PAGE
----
What We Said to the Thunder is a short film poem, depicting the propaganda campaign waged by British, EU and US imperialism to justify war upon Russia in the wake of the Skripal incident on 4 March. The film builds upon themes in a recently published experimental poem, The War Report.
The short notes below are intended to offer some assistance to interpreting the film’s meaning. A notable absence is a full position on the Skripal incident itself. This can be found in the materials included with The War Report. It must also be noted that those elements of the film’s construction which are discussed here draw upon broader theory which cannot be fully explicated in these notes. The themes, artistic and political, upon which What We Said to the Thunder is based will be developed more thoroughly through my podcast, AgitProp, and theoretical articles.
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Notes on general structure, themes and montage
The themes and structure of What We Said to the Thunder largely emerged during its development. What had been concretely agreed and decided upon before the editing process is minute by comparison to that reflected in the finished cut. Initially, the film was intended simply to include a few shots of the natural world, juxtaposed against shots of military hardware, with verse spoken over these shots. The meaning of this was simple. It was intended to show that there is a world worth protecting from the plunge toward barbarism engendered by the imperialist crisis. Whilst the essence of this meaning is retained by the film — particularly in its final sequence — the reality of the imperialist crisis seemed at odds with such simplistic thematic content. As such, the film was broadened considerably to include discussion of more complex material.
Structurally, the film is divided into five parts: an opening and four image verses. Aside from the opening sequence, each section of the work is contextualised by written verse. For example, the image verse following the poem’s opening sequence is contextualised by the following verse:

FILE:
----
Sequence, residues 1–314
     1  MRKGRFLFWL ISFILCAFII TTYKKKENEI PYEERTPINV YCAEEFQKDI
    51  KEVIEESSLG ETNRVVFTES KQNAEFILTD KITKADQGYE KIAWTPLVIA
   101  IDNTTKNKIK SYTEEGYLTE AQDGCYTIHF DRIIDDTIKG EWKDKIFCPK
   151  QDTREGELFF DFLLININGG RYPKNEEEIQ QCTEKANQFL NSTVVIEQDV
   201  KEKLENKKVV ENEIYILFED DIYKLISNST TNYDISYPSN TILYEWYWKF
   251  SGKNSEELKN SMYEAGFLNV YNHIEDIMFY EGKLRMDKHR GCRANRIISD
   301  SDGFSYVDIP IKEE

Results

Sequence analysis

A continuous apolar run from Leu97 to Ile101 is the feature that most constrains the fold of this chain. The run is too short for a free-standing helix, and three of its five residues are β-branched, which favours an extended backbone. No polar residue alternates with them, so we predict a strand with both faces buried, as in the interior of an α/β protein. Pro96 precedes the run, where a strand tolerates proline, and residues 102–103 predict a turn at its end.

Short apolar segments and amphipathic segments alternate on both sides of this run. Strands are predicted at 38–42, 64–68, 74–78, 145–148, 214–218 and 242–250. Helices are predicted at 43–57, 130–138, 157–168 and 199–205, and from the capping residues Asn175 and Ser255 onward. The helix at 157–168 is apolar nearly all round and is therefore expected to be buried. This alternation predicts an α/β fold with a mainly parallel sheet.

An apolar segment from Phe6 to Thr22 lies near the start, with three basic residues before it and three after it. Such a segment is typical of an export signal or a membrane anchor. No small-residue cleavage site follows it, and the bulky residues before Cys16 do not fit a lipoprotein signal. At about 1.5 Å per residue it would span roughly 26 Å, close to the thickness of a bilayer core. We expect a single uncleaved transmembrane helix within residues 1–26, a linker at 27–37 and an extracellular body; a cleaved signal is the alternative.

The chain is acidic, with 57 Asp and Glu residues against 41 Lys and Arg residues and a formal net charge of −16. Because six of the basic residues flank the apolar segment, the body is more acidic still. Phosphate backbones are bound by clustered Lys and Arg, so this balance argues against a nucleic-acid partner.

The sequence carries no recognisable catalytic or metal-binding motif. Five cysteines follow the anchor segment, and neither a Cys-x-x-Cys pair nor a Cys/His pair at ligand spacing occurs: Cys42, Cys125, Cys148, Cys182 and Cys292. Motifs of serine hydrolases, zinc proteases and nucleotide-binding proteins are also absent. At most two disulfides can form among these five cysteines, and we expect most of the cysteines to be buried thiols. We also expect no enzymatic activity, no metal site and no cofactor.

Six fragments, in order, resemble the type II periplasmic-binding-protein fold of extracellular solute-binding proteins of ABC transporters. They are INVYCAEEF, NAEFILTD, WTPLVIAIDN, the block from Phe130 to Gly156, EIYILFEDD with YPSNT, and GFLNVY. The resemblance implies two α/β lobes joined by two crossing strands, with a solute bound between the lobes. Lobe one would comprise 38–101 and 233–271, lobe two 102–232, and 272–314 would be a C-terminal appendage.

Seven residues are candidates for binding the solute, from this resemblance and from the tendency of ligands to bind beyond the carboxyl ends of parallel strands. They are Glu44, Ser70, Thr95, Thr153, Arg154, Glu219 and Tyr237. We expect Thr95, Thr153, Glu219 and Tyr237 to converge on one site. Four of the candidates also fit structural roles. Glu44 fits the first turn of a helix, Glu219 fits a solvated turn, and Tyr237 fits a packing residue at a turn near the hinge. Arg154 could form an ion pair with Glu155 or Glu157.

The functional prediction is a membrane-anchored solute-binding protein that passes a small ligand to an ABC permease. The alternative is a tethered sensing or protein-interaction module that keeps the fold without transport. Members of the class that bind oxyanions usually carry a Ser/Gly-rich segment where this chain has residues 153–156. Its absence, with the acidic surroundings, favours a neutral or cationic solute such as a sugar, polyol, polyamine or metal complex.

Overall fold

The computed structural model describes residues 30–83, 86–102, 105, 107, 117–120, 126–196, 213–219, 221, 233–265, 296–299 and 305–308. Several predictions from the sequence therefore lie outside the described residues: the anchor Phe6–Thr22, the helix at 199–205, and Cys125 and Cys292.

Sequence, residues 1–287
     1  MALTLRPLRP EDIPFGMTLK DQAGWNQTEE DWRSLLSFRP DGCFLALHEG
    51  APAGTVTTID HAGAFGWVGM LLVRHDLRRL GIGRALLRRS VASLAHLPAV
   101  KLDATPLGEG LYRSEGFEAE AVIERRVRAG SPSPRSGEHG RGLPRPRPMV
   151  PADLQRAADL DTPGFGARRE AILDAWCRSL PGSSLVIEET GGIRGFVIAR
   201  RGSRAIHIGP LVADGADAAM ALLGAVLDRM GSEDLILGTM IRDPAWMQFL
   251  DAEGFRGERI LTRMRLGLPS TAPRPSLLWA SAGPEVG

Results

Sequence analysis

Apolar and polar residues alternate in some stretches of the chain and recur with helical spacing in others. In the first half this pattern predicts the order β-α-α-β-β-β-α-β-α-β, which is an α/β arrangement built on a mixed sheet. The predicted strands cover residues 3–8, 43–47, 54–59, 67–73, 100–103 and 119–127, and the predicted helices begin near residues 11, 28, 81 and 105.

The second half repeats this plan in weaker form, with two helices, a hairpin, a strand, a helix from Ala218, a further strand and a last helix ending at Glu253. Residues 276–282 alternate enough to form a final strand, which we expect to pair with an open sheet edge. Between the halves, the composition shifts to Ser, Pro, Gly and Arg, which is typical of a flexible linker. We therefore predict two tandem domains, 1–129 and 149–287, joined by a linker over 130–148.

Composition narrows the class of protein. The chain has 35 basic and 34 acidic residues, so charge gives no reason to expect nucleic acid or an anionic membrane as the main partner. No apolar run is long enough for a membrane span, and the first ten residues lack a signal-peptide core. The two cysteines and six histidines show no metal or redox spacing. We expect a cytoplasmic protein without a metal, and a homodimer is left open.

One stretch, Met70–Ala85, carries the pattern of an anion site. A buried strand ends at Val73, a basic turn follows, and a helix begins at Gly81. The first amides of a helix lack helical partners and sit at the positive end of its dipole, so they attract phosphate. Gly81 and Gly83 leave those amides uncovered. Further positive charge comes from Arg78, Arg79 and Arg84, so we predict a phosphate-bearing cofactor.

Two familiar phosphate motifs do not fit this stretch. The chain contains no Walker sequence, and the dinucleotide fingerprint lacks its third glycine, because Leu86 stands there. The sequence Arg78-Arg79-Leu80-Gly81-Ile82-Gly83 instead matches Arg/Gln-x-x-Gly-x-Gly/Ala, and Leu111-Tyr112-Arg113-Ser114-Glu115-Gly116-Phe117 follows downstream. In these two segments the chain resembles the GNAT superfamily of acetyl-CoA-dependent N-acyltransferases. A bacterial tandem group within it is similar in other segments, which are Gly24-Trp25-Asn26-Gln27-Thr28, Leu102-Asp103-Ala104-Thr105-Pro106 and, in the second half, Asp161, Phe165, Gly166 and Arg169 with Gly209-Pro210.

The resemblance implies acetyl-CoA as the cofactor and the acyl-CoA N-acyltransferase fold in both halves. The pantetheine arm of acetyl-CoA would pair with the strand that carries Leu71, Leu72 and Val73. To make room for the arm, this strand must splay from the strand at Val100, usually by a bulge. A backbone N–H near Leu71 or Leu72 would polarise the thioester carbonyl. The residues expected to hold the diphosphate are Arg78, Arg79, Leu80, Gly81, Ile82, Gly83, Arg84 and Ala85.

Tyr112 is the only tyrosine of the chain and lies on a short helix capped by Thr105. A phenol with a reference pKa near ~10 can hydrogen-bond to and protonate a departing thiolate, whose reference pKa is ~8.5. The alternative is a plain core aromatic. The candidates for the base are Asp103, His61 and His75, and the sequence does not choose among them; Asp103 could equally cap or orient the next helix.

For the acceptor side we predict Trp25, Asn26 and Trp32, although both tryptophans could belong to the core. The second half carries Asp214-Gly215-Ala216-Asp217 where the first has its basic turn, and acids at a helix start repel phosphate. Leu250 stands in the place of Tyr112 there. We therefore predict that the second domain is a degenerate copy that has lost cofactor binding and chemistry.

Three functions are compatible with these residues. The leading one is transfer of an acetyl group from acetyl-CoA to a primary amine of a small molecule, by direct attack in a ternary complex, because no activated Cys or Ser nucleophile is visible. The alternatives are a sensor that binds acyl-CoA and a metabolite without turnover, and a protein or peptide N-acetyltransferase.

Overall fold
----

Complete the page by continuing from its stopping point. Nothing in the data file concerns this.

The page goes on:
Shot by shot,
Riverrun past Eve and Adam’s
What follows from this is an elaboration on the meaning of this verse. “Shot by shot” is further contextualised by the image verse’s repeated insinuation that the bourgeois media is fully complicit with the imperialist campaign on Russia and, more than this, that the culture of imperialist society is actively involved in “selling” the notion of war to us. This latter point is particularly communicated by the “ad break”, beginning with the first Trump Steaks shot.
The use of montage in the film is best initially explained through the piece’s opening sequence. In accordance with Eisenstein’s theory of montage, in which ‘ an idea [arises] from the collision of independent shots’, this sequence introduces the poem’s central themes by a direct collision of imagery. Throughout the sequence, the outlines of natural imagery is repeatedly traced by overlays of explosions. Symbolically, nature is here intended to represent the flow of history, the outlines of which are repeatedly traced by the encroachment of imperialist war.